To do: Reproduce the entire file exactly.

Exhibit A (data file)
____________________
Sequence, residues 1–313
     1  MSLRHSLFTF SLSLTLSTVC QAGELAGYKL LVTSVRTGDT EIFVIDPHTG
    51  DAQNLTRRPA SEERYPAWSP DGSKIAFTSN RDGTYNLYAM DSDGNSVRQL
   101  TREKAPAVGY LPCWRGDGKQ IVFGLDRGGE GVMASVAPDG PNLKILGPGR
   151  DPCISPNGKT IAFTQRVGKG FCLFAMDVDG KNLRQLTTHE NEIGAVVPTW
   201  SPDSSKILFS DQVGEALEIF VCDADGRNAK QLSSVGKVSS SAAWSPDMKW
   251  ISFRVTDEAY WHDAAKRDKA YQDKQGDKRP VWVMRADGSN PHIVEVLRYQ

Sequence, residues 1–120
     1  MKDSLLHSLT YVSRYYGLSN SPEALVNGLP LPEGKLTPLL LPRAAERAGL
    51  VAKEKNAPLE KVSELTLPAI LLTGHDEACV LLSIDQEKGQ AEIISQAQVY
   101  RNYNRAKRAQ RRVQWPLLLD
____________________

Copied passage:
Sequence, residues 1–313
     1  MSLRHSLFTF SLSLTLSTVC QAGELAGYKL LVTSVRTGDT EIFVIDPHTG
    51  DAQNLTRRPA SEERYPAWSP DGSKIAFTSN RDGTYNLYAM DSDGNSVRQL
   101  TREKAPAVGY LPCWRGDGKQ IVFGLDRGGE GVMASVAPDG PNLKILGPGR
   151  DPCISPNGKT IAFTQRVGKG FCLFAMDVDG KNLRQLTTHE NEIGAVVPTW
   201  SPDSSKILFS DQVGEALEIF VCDADGRNAK QLSSVGKVSS SAAWSPDMKW
   251  ISFRVTDEAY WHDAAKRDKA YQDKQGDKRP VWVMRADGSN PHIVEVLRYQ

Sequence, residues 1–120
     1  MKDSLLHSLT YVSRYYGLSN SPEALVNGLP LPEGKLTPLL LPRAAERAGL
    51  VAKEKNAPLE KVSELTLPAI LLTGHDEACV LLSIDQEKGQ AEIISQAQVY
   101  RNYNRAKRAQ RRVQWPLLLD